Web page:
“The war suddenly swooped down on us like a martial bird and bore us off. There was no time for goodbyes, either to family or sweethearts, movies and fiction to the contrary. We embarked from Folkestone. I remember sitting in that train with my battalion on a siding, waiting to go. I could see from my car window the familiar streets I had walked so many times, houses of people I knew. I felt as a dead man might feel, revisiting, himself unseen, old haunts he had known well but which knew him no longer. I knew that I would come back but not as I was then. Because I didn’t come back. I won’t go into the war and all that it did to all of us. We went out. Strangers came back. It was the war that made an actor out of me. When I came back that was all I was good for: acting. I wasn’t my own man anymore.”
After the Armistice both Colman brothers started appearing in stage productions in London. And in the meantime they visited a producer of motion pictures in Wardour Street, at the time London’s cinema alley. The producer sent the brothers away saying somewhat apologetically that the Colmans ‘weren’t the screen type’. Eventually in 1919 and 1920 Ronald did make three pictures for Cecil Hepworth’s company, but with little success. The Hepworth company was ailing considerably at this point, along with most of the British film industry, under the onslaught from Hollywood (this would lead to the Cinematograph Films Act 1927, placing a duty on British cinemas to show a quota of British made films, the cult ‘quota quickies’).
By 1920 Eric and Ronald, not getting anywhere fast, decided to see what the world had to offer, Eric going to Australia and Ronald accepting opportunities to tour in stage productions in New York. Ronald arrived in America on his arse, but after much perseverance was appearing and touring in successful theatre productions. In 1923 this led to his casting in the movie ‘The White Sister’ opposite Lillian Gish, and the success of this picture was to change his life, leading to a contract with Samuel Goldwyn in 1924, which lasted a decade and produced 18 films, although their relationship was fractious.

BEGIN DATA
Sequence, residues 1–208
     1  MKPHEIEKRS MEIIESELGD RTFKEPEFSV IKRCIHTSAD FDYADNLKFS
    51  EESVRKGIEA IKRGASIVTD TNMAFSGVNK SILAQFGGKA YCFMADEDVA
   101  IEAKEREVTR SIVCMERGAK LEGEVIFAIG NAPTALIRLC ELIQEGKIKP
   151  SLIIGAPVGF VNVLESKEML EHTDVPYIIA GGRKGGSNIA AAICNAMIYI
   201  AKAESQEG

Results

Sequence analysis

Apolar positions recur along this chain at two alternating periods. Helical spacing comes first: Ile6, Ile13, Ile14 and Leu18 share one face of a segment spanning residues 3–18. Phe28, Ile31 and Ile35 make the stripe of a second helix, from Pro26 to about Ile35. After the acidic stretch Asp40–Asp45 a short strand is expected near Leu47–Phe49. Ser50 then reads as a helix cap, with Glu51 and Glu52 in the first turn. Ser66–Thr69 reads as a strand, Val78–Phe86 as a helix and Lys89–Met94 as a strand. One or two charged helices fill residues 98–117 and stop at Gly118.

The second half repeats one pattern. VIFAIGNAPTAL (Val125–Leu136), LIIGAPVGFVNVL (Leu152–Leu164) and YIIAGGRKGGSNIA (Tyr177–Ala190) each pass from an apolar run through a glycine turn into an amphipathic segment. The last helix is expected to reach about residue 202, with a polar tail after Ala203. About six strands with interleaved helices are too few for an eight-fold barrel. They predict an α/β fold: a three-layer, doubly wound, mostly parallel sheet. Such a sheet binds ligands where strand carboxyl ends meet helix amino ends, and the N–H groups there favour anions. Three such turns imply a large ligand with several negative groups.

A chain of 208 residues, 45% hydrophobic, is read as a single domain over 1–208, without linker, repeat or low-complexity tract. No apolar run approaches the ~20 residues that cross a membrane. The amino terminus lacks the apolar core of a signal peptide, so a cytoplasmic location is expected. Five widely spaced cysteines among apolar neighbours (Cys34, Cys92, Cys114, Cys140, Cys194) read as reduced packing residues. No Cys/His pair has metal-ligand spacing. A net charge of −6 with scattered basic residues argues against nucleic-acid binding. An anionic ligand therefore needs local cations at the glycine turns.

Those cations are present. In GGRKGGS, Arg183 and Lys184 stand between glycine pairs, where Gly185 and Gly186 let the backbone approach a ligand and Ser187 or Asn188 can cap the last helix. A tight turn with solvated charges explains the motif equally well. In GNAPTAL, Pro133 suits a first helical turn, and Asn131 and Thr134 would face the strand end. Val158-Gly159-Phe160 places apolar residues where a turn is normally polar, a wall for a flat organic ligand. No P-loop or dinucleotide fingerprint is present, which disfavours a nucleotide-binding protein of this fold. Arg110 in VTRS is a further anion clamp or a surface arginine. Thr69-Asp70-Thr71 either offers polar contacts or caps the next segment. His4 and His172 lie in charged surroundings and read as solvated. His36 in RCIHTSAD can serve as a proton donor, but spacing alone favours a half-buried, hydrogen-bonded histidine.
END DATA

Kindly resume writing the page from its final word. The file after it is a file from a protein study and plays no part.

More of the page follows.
Romola, the 1924 film that Ronald also made with Lillian Gish, was the production that truly gave William Powell major recognition in Hollywood. It also led to an enduring friendship. On a personal level, both men had similar personalities, very quiet, shy and with a tendency towards melancholia. Allied to this they both had complex personal circumstances – the post ‘Bill and Carole: Post Divorce BFFs‘, describes Bill and Ronnie’s reputation as notorious bachelors in Hollywood but their situations were complicated. Bill and his first wife, Eileen Wilson, had separated amicably, but as William Powell Jr noted, Bill and Eileen met coincidentally in Venice during the filming of Romola, the result of this meeting being William Powell Jr! However, Bill and Eileen separated again not long after their son’s birth.
For Ronald Colman, his situation was far more distressing, as in 1920, a month before he left the UK for America, he had married the actress Thelma Raye in haste, a union Colman quickly and bitterly regretted. Thelma became furiously jealous of her husband’s success and initiated a campaign of stalking and emotional intimidation that lasted throughout the 1920s. The already quiet and diffident man became withdrawn to the point of reclusiveness and would guard his privacy strictly for the rest of his life. Liaisons with girls were left for Bill Powell to arrange with the utmost discretion, and there certainly weren’t going to be any further emotional entanglements as far as Ronnie was concerned.